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The other day, in a public place with many children present, I heard a man utter some of the foulest profanities I’d heard in quite a while.

The quality of freedom and of its expression—indeed, the very capacity to maintain freedom in a society—undoubtedly depends on the knowledge and training of individuals and on their ability to cope with the challenges of life with equanimity. Having a civil society, in other words, depends on the individual people in that society knowing how to be civil.

The Baha’i teachings say:

Be worthy of the trust of thy neighbor, and look upon him with a bright and friendly face. Be a treasure to the poor, an admonisher to the rich, an answerer to the cry of the needy, a preserver of the sanctity of thy pledge. Be fair in thy judgment, and guarded in thy speech. – Baha’u’llah, Epistle to the Son of the Wolf, p. 93.

The foul-mouthed man I heard—and all those children heard, too—was definitely not being guarded in his speech.

Some people think of using profanity as the ultimate freedom of expression—yet profanity is socially offensive language. Does profanity produce any social good?

Profanity is a subset of a language’s lexicon generally considered to be strongly impolite, rude or offensive. It can debase someone or something, or show intense emotion. Linguistically, in its older, more literal sense, profanity refers to a lack of respect for things held to be sacred, which implies anything inspiring or deserving of reverence.

Do we really need profanity?

Supposedly these profane words add emphasis, but when used to describe people or their actions the words are typically degrading, not only to the hearer but to the speaker. Often they are used to describe someone who doesn’t give us our way, with little consideration of their own constraints. Use of such words to describe someone robs them of their humanity, objectifies them, and relegates them to the status of “thing” instead of living human being with thoughts and feelings like ourselves.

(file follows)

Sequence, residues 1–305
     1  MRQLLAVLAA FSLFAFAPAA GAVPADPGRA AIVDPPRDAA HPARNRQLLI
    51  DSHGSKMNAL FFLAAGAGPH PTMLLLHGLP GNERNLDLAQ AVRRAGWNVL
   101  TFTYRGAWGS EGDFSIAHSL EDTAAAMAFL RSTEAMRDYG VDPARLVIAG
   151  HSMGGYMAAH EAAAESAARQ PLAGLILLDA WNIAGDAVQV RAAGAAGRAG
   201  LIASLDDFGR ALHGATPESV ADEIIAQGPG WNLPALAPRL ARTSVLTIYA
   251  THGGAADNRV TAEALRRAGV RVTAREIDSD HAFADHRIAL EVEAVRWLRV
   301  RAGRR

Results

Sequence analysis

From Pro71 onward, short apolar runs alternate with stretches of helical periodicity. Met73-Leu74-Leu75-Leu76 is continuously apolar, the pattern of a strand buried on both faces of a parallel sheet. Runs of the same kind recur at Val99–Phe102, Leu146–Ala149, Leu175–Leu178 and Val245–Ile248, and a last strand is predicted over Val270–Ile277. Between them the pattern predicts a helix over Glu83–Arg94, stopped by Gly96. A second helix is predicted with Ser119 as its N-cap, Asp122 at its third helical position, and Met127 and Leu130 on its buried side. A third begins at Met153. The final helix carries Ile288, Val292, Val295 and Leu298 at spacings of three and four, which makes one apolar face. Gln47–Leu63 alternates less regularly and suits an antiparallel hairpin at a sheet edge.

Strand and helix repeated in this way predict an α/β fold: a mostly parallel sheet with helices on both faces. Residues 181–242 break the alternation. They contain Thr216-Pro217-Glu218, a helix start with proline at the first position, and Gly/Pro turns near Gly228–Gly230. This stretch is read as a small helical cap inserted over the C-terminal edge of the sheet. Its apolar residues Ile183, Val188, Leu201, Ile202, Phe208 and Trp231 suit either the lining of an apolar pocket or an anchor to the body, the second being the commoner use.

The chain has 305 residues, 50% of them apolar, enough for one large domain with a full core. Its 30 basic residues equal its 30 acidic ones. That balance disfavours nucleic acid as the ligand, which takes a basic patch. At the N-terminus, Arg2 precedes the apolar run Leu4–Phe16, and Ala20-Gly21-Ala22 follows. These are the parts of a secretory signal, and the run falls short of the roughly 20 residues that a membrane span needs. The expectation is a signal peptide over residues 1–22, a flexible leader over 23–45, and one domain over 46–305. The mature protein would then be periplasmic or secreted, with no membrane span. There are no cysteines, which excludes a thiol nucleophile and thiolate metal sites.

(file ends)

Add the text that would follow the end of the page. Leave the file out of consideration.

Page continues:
Certain culturally derogative words do the same thing, especially when used by one race to describe another. We learn these words and expressions growing up, hearing and seeing them used in everyday conversation. That’s why modeling is so important for parents and adults in front of children. If we hear our children use such words, it’s our obligation to let them know how offensive they are. Neither should we accept such language ourselves.

My experience is that profanity is used so often among some adults that it has lost its original impact and shock value. I often overhear conversations where certain profane words are interjected as punctuation, in almost every other word. The words are used automatically, without thinking, without consideration, no differently then adding “the” or “and” to a sentence. What then is the speaker trying to emphasize, and doesn’t he understand that his constant verbal stream of foul language debases his own speech?

Bottom line: I believe, as one who once cursed in my teens and young adulthood, using such words is self-degrading. It showed an uncaring attitude on my part, revealed that I wasn’t consciously or courteously thinking about the feelings of others, and lowered my own standing when others heard me use such words.

We don’t need to degrade ourselves or each other. In fact, we should be lifting up each other with courteous words.

Baha’u’llah felt strongly about courtesy:

O people of God! I admonish you to observe courtesy, for above all else it is the prince of virtues. Well is it with him who is illumined with the light of courtesy and is attired with the vesture of uprightness. Whoso is endued with courtesy hath indeed attained a sublime station. – Tablets of Baha’u’llah, p. 88.

Being courteous and not using profanity shows our consideration for every person, and the nobility of their own souls.